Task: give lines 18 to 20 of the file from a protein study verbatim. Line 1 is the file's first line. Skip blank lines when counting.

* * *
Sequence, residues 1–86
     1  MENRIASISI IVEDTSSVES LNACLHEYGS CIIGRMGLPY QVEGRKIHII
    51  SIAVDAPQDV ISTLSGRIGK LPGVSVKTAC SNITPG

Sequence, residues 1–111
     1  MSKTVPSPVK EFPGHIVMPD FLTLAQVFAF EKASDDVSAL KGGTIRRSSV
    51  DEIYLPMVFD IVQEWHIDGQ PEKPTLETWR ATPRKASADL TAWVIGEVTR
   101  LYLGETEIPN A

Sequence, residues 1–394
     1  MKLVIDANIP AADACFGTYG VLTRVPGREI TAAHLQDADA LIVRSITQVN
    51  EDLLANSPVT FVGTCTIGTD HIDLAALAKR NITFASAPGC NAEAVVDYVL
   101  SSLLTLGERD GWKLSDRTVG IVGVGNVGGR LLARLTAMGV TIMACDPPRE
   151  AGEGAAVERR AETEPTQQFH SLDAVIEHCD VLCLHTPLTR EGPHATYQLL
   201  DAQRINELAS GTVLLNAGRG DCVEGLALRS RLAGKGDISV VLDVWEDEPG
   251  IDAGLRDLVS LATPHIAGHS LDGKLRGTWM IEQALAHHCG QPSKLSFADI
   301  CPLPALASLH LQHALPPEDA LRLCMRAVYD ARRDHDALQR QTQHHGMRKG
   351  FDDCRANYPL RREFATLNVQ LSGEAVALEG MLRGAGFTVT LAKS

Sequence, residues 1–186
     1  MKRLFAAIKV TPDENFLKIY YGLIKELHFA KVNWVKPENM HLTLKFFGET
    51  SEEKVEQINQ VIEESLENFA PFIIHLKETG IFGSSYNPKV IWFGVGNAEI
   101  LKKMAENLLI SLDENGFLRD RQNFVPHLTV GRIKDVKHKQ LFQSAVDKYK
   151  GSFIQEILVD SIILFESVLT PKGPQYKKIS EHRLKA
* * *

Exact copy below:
     1  MKRLFAAIKV TPDENFLKIY YGLIKELHFA KVNWVKPENM HLTLKFFGET
    51  SEEKVEQINQ VIEESLENFA PFIIHLKETG IFGSSYNPKV IWFGVGNAEI
   101  LKKMAENLLI SLDENGFLRD RQNFVPHLTV GRIKDVKHKQ LFQSAVDKYK